When to Feed Baby

At this early age, babies will not have a "schedule" for feeding. In fact, they may not have that for several months. Once they are a little older and their brain and nervous system mature, babies may be more predictable with their feeding patterns. Until then, every day may be different than the last.

It is recommended to feed "on demand," which means watching for your baby’s feeding cues and offering a feeding whenever she is willing to eat. This may be every two to three hours, but it can be sooner or later than that depending on your baby and the time of day. Generally, we say if your baby hasn’t fed in 2.5 to three hours, make sure to put her skin-to-skin with mom, which can help her come around to feeding sooner.

During the first feed, let your baby stay on the breast as long as he wants. He may want to nurse an hour or more: he is learning to latch and suckle. Later during the first 24 hours, offer baby the breast VERY frequently (every two to three hours). Watch for feeding/hunger cues: rooting, smacking lips, sticking tongue out or chewing fists. CRYING is a late hunger cue.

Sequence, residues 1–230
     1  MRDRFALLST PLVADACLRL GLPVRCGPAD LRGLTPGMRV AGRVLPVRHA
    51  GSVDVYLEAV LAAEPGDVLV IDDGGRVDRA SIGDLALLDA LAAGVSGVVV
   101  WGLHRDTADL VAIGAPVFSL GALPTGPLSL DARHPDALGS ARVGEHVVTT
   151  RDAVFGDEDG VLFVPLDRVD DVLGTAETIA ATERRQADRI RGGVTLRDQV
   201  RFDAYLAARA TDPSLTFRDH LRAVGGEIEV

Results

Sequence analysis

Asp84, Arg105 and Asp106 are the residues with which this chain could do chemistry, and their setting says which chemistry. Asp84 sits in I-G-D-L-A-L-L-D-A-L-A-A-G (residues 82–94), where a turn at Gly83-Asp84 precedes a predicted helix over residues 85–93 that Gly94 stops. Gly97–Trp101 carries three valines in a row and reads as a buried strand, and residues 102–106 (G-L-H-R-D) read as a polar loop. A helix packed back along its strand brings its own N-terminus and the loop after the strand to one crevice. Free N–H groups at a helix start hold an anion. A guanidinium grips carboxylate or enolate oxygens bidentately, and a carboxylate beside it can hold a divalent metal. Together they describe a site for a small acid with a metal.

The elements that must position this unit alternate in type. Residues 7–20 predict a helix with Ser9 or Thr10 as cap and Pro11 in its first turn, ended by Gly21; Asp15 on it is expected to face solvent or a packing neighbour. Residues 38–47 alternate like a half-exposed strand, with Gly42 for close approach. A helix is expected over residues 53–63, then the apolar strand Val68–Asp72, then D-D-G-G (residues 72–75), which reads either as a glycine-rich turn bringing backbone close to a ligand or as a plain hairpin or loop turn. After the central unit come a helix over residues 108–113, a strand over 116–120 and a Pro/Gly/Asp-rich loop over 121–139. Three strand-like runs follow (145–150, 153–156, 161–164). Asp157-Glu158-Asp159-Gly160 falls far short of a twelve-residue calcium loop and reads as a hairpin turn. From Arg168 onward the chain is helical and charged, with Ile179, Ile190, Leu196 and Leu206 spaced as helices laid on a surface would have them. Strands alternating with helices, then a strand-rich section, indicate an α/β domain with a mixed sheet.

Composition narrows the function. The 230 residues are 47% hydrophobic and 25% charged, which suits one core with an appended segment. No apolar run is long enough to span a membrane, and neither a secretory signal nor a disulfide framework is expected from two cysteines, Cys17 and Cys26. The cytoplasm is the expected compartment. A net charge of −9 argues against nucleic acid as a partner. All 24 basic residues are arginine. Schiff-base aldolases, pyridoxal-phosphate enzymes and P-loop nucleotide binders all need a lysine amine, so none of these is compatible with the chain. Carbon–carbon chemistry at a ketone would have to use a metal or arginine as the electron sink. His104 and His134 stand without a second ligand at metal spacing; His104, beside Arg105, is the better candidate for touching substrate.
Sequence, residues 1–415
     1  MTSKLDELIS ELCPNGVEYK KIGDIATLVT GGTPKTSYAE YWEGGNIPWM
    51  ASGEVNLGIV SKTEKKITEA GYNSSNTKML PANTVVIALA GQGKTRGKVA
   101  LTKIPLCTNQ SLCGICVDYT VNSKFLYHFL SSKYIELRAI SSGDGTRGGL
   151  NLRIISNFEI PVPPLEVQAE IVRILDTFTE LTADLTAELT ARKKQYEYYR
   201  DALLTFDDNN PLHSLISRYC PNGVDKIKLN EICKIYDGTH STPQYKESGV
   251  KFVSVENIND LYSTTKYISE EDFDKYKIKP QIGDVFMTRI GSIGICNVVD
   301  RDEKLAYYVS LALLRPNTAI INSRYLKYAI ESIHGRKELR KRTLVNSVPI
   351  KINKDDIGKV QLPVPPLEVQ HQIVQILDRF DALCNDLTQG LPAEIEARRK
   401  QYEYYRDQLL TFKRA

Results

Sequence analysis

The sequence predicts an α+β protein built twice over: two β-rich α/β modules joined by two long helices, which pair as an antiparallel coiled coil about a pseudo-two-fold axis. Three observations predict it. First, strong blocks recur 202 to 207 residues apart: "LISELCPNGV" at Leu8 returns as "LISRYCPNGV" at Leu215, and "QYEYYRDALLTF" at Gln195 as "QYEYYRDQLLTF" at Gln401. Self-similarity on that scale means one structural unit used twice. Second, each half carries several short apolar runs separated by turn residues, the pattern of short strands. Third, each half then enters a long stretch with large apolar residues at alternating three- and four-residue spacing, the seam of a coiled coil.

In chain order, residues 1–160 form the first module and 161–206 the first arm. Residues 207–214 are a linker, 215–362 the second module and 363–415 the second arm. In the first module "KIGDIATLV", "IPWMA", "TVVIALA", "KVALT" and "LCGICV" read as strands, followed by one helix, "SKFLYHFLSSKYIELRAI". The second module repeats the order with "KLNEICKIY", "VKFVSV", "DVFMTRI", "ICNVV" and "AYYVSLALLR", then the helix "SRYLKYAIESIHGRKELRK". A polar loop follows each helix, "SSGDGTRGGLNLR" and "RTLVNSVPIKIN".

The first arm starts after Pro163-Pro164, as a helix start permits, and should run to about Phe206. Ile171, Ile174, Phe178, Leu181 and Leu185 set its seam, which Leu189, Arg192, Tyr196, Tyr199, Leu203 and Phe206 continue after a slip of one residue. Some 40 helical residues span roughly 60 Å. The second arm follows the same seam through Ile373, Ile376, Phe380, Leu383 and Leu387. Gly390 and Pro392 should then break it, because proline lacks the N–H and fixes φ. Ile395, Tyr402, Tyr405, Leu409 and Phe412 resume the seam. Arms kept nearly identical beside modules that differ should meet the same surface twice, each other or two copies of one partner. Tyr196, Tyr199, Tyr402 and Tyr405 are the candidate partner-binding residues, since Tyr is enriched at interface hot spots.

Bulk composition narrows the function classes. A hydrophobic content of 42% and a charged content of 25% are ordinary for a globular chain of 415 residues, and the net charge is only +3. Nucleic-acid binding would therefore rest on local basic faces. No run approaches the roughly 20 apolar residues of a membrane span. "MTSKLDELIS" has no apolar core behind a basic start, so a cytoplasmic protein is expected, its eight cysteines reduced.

In the first day, your baby might not wake to feed every two to three hours, but if you offer very frequently, your baby will be able to eat when he’s hungry. Some babies are hard to wake up during the first day – you may need to take off his blanket and clothes to help him stay awake through a feed. This continued skin-to-skin contact helps him stay warm and promotes bonding.

In the second day of life (24-48 hours old), your baby should be waking more regularly and feeding a total of 8 to 12 times. Feeding frequently is normal for an exclusively breastfed baby. Exclusive breastfeeding means your baby only receives your breast milk with no formula, water or other foods given to him. Let your baby lead the feedings: he will let you know when and what he needs.

Breastfeed early and frequently. Frequent feedings encourage an abundant milk supply and minimize engorgement for you, increases weight gain and reduces jaundice and low blood sugar in baby. Remember to remove milk to make more milk! Expressing after a feed and giving colostrum to your baby in a spoon helps him and you! Milk expression is also a good option if baby won’t wake to latch or feed. Your milk production closely matches baby’s needs. The more baby nurses, the more milk you make.